Reform or More of the Same? Gender Mainstreaming and the Changing Nature of UN Peace Operations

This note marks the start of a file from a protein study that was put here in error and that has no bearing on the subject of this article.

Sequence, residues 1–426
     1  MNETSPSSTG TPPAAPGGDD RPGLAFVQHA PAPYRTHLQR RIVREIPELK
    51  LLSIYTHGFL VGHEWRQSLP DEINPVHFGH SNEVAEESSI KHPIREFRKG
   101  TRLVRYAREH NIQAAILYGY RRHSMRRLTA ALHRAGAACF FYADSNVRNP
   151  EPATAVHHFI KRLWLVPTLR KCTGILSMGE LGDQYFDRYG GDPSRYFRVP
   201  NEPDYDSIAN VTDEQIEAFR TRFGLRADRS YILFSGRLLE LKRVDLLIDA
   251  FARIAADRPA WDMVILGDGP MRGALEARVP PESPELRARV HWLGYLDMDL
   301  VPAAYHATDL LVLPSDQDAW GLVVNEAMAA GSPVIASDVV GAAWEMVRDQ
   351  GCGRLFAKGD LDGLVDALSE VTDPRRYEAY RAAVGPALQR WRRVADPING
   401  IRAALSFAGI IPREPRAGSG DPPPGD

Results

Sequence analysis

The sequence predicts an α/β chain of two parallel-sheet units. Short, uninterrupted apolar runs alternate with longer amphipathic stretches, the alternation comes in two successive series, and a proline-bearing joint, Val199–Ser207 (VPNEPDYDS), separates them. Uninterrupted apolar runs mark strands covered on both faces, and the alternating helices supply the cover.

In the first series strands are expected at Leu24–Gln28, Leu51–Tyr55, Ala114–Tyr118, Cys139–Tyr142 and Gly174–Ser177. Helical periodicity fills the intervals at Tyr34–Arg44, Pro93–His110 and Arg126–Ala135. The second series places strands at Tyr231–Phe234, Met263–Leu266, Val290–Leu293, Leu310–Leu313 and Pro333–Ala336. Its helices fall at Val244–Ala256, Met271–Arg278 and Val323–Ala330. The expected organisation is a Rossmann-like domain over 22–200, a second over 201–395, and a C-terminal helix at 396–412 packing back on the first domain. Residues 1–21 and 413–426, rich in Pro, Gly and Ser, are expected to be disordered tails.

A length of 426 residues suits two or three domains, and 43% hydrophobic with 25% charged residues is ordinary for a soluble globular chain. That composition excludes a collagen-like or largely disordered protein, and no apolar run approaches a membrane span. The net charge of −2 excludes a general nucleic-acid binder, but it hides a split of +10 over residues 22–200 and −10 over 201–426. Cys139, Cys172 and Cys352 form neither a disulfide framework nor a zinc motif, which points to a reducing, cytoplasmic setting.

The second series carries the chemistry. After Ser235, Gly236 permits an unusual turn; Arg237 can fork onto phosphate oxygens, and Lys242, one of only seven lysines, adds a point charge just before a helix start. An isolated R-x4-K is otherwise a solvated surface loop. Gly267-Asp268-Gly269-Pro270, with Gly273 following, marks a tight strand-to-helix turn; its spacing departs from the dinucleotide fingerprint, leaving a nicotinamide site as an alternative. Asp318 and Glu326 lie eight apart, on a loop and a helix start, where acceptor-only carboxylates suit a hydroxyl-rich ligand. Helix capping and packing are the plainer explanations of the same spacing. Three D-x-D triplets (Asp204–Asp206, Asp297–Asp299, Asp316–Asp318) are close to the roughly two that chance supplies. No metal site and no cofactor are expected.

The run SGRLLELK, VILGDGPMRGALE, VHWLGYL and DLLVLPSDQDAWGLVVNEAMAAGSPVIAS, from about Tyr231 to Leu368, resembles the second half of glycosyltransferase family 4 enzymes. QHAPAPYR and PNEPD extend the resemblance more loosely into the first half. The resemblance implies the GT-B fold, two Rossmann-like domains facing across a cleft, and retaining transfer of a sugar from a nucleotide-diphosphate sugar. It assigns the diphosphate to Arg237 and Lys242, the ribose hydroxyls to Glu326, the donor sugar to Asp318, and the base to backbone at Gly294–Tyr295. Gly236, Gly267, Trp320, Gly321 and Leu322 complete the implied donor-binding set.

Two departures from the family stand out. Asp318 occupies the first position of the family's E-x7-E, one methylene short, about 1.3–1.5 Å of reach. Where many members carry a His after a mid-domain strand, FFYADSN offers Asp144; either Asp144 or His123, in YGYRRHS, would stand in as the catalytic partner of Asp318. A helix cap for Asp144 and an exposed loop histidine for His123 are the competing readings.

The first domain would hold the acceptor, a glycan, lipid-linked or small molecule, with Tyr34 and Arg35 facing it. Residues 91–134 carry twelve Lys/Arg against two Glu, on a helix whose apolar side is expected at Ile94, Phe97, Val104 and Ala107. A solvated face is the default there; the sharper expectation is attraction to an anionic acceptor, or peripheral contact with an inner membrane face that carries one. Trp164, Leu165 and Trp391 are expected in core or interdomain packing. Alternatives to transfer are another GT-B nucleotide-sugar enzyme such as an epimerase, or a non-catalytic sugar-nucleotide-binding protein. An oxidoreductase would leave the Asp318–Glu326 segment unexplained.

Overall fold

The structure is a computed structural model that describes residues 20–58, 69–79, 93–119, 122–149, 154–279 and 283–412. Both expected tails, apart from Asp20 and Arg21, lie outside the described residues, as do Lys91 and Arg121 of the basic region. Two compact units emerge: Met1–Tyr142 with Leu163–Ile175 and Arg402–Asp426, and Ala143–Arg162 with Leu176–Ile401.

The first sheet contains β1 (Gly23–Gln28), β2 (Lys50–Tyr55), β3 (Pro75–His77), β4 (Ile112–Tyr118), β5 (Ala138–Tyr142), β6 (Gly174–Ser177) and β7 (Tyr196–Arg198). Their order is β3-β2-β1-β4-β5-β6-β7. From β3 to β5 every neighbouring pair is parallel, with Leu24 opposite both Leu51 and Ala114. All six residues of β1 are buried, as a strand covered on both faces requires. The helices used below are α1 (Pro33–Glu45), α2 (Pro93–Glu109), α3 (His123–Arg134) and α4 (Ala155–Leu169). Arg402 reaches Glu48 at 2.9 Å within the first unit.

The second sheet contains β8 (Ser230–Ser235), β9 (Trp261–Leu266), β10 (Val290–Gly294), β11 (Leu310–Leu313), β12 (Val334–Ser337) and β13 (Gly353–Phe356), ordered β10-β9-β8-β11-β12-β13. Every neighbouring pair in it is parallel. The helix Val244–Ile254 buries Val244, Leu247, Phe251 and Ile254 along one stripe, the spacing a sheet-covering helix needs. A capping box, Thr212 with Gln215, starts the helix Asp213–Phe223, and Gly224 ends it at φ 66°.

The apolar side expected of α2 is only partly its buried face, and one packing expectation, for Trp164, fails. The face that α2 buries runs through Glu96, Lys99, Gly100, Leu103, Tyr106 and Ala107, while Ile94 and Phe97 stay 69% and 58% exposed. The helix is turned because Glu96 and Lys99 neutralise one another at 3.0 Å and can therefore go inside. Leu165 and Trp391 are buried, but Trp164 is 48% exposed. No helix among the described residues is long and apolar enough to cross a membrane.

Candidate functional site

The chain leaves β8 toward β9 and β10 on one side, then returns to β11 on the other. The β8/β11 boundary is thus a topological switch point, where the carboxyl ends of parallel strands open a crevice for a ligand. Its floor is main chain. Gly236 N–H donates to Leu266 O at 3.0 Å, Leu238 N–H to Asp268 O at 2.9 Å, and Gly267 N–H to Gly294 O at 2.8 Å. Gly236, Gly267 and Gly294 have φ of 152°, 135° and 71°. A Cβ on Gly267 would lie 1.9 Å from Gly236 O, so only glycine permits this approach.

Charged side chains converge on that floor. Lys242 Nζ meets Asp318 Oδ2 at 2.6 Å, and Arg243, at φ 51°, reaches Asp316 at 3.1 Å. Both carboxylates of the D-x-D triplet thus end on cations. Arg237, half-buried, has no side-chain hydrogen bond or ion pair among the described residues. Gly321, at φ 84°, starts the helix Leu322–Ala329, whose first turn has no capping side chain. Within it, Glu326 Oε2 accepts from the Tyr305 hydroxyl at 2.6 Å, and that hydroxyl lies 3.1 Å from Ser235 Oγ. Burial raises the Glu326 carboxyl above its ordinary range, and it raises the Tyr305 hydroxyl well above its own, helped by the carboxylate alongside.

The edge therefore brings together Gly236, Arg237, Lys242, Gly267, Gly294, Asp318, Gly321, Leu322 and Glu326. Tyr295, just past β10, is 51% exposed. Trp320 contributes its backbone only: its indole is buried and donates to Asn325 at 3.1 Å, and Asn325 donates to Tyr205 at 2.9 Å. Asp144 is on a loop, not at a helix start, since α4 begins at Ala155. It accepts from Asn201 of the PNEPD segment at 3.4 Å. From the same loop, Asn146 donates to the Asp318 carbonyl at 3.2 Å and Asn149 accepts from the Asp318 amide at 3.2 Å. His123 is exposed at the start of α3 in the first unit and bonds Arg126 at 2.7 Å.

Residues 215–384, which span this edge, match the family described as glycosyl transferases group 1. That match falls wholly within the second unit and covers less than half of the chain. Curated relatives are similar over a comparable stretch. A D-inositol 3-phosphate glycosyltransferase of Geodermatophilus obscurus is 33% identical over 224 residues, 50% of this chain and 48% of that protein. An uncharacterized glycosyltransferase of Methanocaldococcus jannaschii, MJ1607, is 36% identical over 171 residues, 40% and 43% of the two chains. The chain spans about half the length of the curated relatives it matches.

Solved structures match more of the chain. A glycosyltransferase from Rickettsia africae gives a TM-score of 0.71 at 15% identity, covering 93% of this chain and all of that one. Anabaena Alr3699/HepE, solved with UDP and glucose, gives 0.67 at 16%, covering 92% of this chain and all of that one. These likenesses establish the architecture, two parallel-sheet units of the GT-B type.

First, this paper will provide a brief overview of the various reforms that were initiated by the UN in the area of peace and security during the 1990s, with a focus on the potential of the concept of human security to redress the marginalization of gender issues. Second, the paper will examine the changes in thinking about security and development that have occurred since the passing of Security Council Resolution 1325 on Women, Peace, and Security and what impact this has had in terms of bringing gender issues into the mainstream of the UN’s peacebuilding agenda. The mainstreaming project has had some limited success, particularly at the rhetorical level and in progress driven by the establishment of a gender advisor within the Department of Peacekeeping Operations (DPKO) and in various peacekeeping missions. However, it has 3 also often had the paradoxical effect of marginalizing gender issues even more. A rhetorical commitment to gender mainstreaming often disguises the reality that due to a lack of political will, organizational accountability, and competing or contradictory discourses, rather than being mainstreamed gender issues become lost along the way and what results is tokenistic gestures that contradict the essence of what mainstreaming seeks to achieve. In conclusion, this paper will argue that attempts to reform UN peace operations to bring about a sustainable, equitable, and inclusive peace cannot succeed unless the obstacles to fully ‘securitizing’ gender issues are addressed.